One of the best known Sanskrit classics, Narayana’s Hitopadesha is a fascinating collection of animal and human fables, augmented with polished verse epigrams and gnomic stanzas many of which have become proverbial. This satirical, often irreverent and sometime ribald text has been popular for centuries as a composition of worldly advice on matters ranging from state affairs to personal conduct. In it, birds and beasts, men and women, scheme, suffer, lust, err, grieve and rejoice, acting as social critics and commentators on the nature of human folly.
This text’s appeal led to its translation all over India, in languages ranging from Hindi to Urdu and Bangla to Tamil. Along with the Bhagavadgita, it first appeared in English translation in 1787, followed by numerous other English editions over the next two centuries. The present translation is the latest.
The new translator, Shonaleeka Kaul, is a well-known cultural historian and a respected Sanskrit scholar. Her remarkable book on the making of early Kashmir was published by Oxford University Press four years ago, as also others elsewhere on various aspects of our cultural history. The present work perhaps also speaks on the psychological needs of people in a wider framework.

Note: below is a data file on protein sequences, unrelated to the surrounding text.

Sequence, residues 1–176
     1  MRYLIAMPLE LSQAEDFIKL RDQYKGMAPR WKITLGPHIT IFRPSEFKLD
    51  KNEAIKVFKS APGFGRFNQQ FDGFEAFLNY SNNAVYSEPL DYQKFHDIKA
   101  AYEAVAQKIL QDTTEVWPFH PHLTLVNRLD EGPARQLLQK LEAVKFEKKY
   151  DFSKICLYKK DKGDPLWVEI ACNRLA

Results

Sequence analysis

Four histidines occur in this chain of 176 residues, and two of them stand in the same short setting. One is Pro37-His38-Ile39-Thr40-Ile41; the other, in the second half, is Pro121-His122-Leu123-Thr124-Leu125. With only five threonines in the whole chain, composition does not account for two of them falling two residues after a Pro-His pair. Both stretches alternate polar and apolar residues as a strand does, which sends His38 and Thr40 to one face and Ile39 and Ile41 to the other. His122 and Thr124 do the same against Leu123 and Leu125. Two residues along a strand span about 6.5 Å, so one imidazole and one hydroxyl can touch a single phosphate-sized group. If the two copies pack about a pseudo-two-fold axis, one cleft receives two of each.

The best illustrations of this work are perhaps through her translations of some lively verses scattered all over the text. Here are a few with their references:
Women have twice the appetite of men
four times their brains
six times their courage
and eight times their libido!
Neither modesty, nor decorum,
good sense nor fear
keep women chaste.
It’s only the absence of a suitor that does!
Following the above, here are some more illustrative of other human lives:
People deceived by the wicked
cease to trust even the good.